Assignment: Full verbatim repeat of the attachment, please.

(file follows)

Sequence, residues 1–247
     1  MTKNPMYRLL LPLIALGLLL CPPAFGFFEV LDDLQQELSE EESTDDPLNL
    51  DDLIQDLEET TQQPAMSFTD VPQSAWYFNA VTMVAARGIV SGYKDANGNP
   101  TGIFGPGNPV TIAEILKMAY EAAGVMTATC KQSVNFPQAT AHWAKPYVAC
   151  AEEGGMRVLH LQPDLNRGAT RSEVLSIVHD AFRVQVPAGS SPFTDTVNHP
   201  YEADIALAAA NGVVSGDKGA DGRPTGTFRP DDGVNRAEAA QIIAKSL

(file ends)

Sequence, residues 1–247
     1  MTKNPMYRLL LPLIALGLLL CPPAFGFFEV LDDLQQELSE EESTDDPLNL
    51  DDLIQDLEET TQQPAMSFTD VPQSAWYFNA VTMVAARGIV SGYKDANGNP
   101  TGIFGPGNPV TIAEILKMAY EAAGVMTATC KQSVNFPQAT AHWAKPYVAC
   151  AEEGGMRVLH LQPDLNRGAT RSEVLSIVHD AFRVQVPAGS SPFTDTVNHP
   201  YEADIALAAA NGVVSGDKGA DGRPTGTFRP DDGVNRAEAA QIIAKSL